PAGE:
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Joe Britto

Innate Leaders


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“The consulting and training industry has a lot to offer and can be pivotal in shifting the business world.”


We're always curious to hear how our members and contributors tackle the challenges that the ever-changing world of L&D throws at them. We've got a wealth of experience and knowledge across the site, and what better way to showcase the diversity of our community than to get them to walk us through an average day

Want to tell us about your way of working? Email us at [email protected], or let us know in the comments below.

Joe Britto is an interactive management consultant and founder of Innate Leaders. He's also a writer and has written several articles for TrainingZone on topics ranging from team bias and groupthink to diversity.

So, Joe, tell us about your day...

06:30 – I sit down to meditate. I try to have a regular practice, but even if it doesn’t always happen I make sure I meditate first thing when I have a day ‘in the room’ – ie. a session with a group.

07:00 – 7:30 - I work across Europe, and North America so I’m often in a hotel room. By 7:30 I’m typically on my way to the venue and running through the program in my head. I find driving helps me focus and get into the zone (as long as I’m not stuck in traffic) which is why I like to leave early.

08:00 – Setting up the room, which often involves moving all the tables that have been arranged in a horseshoe to the side (hotels and conference venues never seem to understand the idea of just chairs in a semi circle) – working with a group is much like theatre and I don’t want the room to look like a traditional classroom type environment. It’s also the time to set up all the tech – sound and video mostly, but PowerPoint doesn’t get used much.

I’ll also make sure I’ve got all my props and equipment I might need ready to go, this could be anything from a rope and a ball to poker chips and blind folds – anything that helps me get the group of leaders I’m working with focus on the opportunities and challenges their organisation faces.

I normally work with an organisation over a period of time so the first session sets the tone for the whole work.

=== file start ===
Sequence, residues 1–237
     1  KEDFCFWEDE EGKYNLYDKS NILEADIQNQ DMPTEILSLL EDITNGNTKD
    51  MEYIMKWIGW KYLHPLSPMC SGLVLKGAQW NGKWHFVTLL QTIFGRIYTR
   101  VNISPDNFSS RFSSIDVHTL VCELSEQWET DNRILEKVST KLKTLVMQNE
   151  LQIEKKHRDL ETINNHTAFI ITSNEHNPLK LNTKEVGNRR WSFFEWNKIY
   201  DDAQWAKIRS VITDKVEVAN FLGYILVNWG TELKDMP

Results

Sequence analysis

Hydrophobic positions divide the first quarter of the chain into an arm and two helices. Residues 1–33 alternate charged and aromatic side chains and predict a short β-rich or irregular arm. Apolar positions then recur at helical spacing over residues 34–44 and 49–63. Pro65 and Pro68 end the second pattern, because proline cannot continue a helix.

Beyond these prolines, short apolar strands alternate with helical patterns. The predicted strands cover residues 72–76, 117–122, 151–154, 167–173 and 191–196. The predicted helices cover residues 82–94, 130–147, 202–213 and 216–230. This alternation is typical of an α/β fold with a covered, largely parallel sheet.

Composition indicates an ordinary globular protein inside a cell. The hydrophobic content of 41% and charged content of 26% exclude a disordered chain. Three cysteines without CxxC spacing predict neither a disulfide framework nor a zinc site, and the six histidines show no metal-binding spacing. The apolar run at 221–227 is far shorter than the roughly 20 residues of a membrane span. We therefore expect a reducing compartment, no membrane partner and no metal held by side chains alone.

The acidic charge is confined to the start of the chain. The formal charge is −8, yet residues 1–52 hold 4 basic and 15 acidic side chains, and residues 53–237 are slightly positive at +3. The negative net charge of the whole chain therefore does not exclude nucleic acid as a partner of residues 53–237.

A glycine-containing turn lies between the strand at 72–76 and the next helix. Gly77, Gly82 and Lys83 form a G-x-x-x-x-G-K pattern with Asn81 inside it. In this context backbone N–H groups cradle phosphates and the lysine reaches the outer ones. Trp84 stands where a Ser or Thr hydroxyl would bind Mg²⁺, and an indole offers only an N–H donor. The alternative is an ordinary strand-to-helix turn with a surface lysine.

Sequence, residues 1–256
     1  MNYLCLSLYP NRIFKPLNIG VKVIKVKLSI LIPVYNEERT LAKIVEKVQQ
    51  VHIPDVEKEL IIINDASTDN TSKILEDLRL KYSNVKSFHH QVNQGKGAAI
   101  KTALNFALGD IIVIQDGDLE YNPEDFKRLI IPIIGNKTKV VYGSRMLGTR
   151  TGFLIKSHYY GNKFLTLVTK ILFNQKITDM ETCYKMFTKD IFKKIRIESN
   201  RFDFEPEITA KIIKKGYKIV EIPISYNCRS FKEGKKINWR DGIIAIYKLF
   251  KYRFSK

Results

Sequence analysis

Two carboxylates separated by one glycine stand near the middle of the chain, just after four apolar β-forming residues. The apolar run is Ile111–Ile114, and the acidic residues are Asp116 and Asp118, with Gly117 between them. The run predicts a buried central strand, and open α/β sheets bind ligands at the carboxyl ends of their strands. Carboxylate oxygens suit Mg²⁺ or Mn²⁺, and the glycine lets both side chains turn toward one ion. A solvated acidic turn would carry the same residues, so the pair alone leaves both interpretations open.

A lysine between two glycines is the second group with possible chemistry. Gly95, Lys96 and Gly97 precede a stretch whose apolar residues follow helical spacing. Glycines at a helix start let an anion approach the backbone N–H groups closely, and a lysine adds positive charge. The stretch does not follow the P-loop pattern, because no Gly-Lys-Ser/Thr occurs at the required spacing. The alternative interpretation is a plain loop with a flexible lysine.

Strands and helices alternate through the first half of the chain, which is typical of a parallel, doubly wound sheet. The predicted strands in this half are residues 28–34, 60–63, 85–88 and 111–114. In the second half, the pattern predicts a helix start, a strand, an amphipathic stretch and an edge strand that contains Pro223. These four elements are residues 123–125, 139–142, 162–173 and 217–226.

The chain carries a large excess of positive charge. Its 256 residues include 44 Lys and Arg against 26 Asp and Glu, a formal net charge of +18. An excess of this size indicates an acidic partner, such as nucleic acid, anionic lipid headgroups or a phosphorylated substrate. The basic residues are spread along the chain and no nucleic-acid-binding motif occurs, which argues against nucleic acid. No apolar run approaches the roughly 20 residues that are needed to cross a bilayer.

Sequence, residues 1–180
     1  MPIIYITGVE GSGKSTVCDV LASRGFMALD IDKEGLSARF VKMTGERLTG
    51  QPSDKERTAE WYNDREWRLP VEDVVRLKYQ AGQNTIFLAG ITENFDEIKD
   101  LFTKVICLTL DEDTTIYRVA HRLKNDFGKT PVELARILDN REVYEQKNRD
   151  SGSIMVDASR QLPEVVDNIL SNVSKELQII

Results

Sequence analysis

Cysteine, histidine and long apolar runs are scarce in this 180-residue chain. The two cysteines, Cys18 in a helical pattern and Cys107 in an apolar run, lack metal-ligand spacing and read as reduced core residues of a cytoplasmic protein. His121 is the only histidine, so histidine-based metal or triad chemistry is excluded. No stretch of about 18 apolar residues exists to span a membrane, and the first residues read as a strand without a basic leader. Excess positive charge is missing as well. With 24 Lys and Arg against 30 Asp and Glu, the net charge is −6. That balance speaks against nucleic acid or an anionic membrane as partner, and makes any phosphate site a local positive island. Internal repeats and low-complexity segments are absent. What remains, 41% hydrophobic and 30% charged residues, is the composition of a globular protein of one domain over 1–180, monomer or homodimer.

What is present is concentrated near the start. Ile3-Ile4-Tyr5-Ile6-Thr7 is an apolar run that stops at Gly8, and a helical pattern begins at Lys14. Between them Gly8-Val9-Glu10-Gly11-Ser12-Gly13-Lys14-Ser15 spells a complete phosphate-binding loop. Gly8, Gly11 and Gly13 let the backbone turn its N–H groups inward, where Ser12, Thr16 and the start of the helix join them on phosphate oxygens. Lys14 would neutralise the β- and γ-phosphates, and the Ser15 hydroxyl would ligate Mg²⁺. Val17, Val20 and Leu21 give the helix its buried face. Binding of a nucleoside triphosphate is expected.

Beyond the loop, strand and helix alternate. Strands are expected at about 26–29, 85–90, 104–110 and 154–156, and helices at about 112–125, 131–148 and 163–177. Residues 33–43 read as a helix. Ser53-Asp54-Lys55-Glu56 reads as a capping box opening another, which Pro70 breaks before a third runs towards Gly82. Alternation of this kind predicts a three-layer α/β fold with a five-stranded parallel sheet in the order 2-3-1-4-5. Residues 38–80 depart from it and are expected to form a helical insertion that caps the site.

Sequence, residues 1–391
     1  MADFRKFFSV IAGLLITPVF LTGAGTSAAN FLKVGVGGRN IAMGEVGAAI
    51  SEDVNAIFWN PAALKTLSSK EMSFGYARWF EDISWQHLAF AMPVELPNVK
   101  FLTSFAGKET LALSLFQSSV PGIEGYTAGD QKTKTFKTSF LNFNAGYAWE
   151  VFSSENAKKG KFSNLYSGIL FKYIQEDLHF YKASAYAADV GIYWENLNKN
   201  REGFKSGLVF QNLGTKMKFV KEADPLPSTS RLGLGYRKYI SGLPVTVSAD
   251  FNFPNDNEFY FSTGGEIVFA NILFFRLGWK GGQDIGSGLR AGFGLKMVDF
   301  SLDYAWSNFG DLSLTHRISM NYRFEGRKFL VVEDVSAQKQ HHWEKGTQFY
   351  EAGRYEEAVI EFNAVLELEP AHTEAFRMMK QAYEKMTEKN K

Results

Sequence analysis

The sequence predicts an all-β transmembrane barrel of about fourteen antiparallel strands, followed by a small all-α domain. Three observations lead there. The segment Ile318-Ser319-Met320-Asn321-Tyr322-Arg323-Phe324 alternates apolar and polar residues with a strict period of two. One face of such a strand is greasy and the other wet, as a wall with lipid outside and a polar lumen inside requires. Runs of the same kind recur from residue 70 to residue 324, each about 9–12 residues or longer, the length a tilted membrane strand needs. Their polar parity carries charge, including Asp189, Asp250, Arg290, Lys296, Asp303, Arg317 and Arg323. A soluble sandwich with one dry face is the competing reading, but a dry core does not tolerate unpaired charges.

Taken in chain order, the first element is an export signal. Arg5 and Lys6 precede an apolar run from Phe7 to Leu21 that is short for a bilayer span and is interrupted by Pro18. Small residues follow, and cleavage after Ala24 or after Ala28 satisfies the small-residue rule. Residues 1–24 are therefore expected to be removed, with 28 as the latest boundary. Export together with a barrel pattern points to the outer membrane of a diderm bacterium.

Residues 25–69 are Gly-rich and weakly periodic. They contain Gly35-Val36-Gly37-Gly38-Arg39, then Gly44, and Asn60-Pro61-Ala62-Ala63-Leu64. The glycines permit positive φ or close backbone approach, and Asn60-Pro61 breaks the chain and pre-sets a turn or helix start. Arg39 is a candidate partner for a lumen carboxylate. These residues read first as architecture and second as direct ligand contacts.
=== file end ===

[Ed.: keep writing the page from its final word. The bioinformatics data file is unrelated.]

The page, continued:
09:30 – The session starts. I normally work with an organisation over a period of time so the first session sets the tone for the whole work. As well as liaising with HR and team leads, prior to the program I’ll also have calls with all the participants so I already have a sense of the challenges they face. Beginning with introductions and expectations for the work ahead brings those conversations into the open. It also opens participants to the idea that the program will be dealing with real issues, team dynamics and systemic problems. Crucially it looks forward to how they can make changes.

11:00 – The first break – this is when I look at how things are working so far, and how the overall program needs to change in response to the participants and what’s coming up. My work is responsive – a claim lots of consultants make – but I throw out entire programs based on what’s coming up in the room, all to get to the root of their challenge. At this stage, if the program booker or team lead is also taking part I’ll often have a chat with them to get their take and feedback on how the work is landing.

I throw out entire programs based on what’s coming up in the room, all to get to the root of their challenge.

I’ll also use this time to check emails and check in with office and sales staff. I work in with companies who sell my work so there are often messages from the sales team about setting up client calls for new work. 

Back in the room after the break we’ll be moving toward getting a deeper understanding of the drivers behind organisational challenges. Sometimes I play games to highlight these challenges, other times it may be an art project. The point is that over the course of the program we’re slowly moving to adopting a mindset to create new leadership behaviours.